Name: Richard ?Dick? Whittington
Birth: ABT 1357
Death: MAR 1423
Burial: St Michael Paternoster Royal, London
Occupation: Mayor of London
Change Date: 18 MAR 2009
Richard Whittington is the most famous member of the Mercers? Company, immortalised as Dick Whittington the pantomime figure. Everybody knows the story of Whittington from childhood, a highly romanticised ?rags to riches? tale of a boy and his cat going to London to seek his fortune.
The real Whittington was born in the 1350s in Pauntley, Gloucestershire, the youngest son of Sir William Whittington, a local land-owner. He was apprenticed to the Mercers? Company, and became a successful Mercer, dealing in valuable imports such as silks and velvets. The major market for such wares was the Royal Court, and in 1389, for the first time, Whittington sold two cloths of gold to King Richard II for £11. This was followed by great quantities of luxury fabrics for the Royal Wardrobe. Richard II owed Whittington £1,000 when he was deposed in 1399. Whittington also supplied similar luxuries for the new king Henry IV.
Whittington played a prominent role in the Mercers? Company, and was three times Master of the Company in 1395-6, 1401-2 and 1408-9. He regularly lent sums of money to the Crown, and invested heavily in the lucrative wool export trade. He became a City Alderman in 1393, and was four times Mayor of London (?Lord Mayor? was not a title used in Whittington?s lifetime), in 1397, 1397-8, 1406-7 and 1419-20.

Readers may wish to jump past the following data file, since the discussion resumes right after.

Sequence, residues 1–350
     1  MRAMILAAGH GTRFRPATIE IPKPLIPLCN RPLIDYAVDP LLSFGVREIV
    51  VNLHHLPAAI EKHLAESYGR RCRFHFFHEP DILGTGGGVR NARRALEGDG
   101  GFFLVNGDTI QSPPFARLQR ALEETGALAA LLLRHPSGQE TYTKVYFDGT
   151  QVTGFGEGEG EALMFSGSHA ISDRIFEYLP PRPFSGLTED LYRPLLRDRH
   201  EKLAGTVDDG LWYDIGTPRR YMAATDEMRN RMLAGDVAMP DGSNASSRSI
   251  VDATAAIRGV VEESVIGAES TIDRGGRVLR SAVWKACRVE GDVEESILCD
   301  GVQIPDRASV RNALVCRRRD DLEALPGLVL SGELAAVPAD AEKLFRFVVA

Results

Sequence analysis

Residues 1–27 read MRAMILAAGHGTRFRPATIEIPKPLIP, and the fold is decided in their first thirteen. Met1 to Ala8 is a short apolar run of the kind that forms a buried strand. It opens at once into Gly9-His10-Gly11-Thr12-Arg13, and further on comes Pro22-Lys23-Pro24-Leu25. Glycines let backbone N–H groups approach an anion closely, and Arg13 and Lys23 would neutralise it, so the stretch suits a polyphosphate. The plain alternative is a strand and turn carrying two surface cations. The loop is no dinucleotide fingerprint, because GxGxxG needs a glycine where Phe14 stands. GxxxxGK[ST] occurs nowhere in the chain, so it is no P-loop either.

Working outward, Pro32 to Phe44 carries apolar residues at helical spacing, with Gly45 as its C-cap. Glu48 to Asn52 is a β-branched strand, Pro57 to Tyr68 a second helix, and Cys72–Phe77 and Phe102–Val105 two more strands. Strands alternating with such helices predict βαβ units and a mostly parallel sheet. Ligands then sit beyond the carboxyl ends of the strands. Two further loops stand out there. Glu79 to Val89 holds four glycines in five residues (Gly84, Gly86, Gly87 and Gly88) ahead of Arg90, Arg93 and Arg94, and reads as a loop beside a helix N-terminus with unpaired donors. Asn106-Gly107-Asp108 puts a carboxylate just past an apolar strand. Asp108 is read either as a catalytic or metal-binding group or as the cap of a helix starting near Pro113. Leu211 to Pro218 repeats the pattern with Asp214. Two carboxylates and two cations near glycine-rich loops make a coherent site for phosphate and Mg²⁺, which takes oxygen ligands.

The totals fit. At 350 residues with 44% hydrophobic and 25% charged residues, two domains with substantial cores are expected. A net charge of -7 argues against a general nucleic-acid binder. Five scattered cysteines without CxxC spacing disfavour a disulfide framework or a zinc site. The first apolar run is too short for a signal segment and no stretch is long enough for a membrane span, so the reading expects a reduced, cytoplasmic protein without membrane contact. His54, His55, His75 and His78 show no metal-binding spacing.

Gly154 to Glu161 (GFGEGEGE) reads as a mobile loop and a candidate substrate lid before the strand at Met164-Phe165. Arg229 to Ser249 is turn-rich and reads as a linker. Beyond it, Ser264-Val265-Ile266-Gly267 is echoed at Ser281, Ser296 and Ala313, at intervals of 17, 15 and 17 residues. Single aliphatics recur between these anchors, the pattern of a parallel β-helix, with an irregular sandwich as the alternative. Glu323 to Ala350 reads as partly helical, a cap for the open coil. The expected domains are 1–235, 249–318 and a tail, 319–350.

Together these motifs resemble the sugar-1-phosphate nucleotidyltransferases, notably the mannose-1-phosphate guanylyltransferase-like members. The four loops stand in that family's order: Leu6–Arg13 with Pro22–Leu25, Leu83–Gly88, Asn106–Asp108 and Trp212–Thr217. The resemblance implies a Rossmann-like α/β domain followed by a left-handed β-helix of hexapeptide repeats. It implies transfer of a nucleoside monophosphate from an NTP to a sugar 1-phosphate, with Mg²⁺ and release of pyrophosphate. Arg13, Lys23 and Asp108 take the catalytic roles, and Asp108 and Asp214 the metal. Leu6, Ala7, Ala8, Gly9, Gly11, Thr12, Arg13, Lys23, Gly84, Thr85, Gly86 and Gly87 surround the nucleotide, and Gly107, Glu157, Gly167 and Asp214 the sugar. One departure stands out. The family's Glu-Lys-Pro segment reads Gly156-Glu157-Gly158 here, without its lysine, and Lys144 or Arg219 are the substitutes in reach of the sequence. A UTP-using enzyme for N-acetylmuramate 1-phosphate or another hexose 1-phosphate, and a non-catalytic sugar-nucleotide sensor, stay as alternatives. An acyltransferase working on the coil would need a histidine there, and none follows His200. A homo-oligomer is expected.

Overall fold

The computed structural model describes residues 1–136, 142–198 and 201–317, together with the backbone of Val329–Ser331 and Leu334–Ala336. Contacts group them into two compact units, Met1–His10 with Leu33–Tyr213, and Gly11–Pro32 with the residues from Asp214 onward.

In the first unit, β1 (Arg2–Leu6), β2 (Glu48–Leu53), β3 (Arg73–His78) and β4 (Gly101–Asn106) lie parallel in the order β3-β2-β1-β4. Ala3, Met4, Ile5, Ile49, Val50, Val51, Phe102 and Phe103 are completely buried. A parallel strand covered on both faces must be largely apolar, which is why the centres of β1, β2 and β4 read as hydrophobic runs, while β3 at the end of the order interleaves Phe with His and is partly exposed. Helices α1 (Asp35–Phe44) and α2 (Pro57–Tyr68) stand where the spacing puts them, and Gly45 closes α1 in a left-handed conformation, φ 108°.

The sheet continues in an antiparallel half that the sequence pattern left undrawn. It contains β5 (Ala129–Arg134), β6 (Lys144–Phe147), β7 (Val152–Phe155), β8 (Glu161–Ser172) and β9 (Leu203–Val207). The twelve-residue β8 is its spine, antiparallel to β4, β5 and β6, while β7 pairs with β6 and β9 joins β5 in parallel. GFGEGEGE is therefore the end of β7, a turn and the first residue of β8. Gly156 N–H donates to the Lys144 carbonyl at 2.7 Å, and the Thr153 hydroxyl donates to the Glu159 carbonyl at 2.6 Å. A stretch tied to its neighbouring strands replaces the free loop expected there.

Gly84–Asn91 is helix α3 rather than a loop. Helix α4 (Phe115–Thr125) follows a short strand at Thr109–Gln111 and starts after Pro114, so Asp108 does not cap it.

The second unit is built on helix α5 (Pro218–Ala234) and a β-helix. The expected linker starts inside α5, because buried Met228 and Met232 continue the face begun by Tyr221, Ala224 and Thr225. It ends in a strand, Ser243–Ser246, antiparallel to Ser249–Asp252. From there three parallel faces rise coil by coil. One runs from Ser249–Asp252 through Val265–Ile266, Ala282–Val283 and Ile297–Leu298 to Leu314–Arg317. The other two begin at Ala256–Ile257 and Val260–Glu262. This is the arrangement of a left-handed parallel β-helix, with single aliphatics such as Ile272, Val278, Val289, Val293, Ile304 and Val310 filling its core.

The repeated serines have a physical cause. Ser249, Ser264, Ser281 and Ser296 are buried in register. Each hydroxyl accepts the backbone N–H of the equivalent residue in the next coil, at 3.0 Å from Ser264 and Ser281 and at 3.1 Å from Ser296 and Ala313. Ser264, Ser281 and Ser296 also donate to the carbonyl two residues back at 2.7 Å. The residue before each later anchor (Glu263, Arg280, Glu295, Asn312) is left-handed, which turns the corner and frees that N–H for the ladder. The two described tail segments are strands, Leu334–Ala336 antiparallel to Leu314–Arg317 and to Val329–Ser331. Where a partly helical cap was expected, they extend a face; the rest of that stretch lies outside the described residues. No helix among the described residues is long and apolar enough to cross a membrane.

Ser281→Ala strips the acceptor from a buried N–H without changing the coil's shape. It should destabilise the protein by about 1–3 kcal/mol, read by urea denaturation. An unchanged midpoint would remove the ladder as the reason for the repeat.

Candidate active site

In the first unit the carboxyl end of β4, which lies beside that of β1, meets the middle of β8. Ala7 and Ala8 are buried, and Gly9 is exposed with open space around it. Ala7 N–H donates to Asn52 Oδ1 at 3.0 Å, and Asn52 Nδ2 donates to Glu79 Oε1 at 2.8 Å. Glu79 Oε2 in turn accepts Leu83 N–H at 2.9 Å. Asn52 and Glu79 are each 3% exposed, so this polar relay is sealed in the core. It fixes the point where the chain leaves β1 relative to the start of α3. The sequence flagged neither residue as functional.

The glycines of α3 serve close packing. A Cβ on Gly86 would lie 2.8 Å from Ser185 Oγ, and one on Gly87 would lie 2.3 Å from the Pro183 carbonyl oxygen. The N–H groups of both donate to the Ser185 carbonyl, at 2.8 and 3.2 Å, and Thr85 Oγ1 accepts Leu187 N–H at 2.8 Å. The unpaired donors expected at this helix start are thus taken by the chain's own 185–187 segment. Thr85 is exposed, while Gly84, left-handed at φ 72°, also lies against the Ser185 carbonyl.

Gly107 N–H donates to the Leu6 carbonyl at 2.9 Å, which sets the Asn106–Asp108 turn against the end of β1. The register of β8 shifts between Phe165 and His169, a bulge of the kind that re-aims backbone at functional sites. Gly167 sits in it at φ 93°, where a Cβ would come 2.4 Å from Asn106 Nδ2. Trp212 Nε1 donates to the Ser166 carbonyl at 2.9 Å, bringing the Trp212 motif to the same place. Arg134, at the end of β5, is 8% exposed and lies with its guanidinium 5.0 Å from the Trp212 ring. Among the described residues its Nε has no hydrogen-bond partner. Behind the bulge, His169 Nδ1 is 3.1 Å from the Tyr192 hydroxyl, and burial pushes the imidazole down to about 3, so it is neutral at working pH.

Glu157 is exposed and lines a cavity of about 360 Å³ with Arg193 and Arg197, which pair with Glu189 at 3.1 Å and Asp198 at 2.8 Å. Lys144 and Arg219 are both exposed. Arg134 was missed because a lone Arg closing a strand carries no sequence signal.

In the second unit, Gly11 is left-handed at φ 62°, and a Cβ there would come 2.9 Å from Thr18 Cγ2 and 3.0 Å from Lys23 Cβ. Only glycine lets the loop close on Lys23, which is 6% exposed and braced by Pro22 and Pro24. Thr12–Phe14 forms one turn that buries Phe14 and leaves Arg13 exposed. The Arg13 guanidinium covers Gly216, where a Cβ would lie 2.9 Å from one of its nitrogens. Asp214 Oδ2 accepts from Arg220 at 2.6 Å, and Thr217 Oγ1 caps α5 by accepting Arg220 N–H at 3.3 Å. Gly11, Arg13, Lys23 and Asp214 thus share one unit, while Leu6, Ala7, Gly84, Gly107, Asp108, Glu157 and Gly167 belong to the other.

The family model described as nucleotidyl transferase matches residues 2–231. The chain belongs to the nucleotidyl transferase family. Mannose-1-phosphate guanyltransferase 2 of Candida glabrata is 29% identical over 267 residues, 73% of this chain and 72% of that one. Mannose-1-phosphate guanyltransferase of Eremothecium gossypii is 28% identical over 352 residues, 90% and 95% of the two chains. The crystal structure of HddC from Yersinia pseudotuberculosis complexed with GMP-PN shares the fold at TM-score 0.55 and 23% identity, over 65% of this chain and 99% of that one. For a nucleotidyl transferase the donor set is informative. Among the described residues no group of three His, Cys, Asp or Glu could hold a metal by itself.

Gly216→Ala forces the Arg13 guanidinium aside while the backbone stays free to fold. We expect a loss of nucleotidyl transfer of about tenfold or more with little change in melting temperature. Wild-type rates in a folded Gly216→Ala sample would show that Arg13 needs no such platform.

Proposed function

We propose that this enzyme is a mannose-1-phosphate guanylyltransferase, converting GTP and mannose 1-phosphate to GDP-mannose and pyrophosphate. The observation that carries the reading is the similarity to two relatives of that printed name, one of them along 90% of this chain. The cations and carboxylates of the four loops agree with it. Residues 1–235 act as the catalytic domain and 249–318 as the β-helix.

Whittington died in March 1423. He was buried at his local parish church St Michael Paternoster Royal, and left assets estimated at £5,000 (around £5 million in modern terms.) His wife, Alice, daughter of Sir Ivo Fitzwaryn of Dorset, had died before him and they had no children. The executors of Richard?s will devoted his great wealth to the establishment of an almshouse (Whittington College, founded 1424), a college of priests (dissolved at the Reformation) and a number of other public works in the City of London, including the building of the first library for the Guildhall, building works for St Bartholomew?s Hospital, the rebuilding of St Michael Paternoster Church, and the rebuilding of Newgate Gaol.
Dick Whittington, local boy made good, (at least) thrice Lord Mayor of London, was born at Pauntley about 1357, the third son of William Whittington, Lord of Pauntley. In 1352 William had married Joan, the daughter of William Mansell, Sheriff of Gloucestershire, and widow of Sir Thomas (de) Berkeley, of Coberley, but and whilst Richard was still a child, his father was outlawed for marrying without licence. It would have required a crippling fine to redeem his outlawry, and at the time selling of rich widows was a lucrative branch of commerce. He died, still an outlaw in 1362, and when his widow died, the estate which she'd inherited went to the second son.
In spite of being born the son of a Lord, Dick was, therefore the poor boy of legend, and literally the "local boy makes good". In London, he'd enrolled as an apprentice in the Mercer's Company, and married the daughter of his master, Alice Fitzwarren.
Father: William de Whittington
Mother: Joan Mansell
Alice Warren or FitzWarin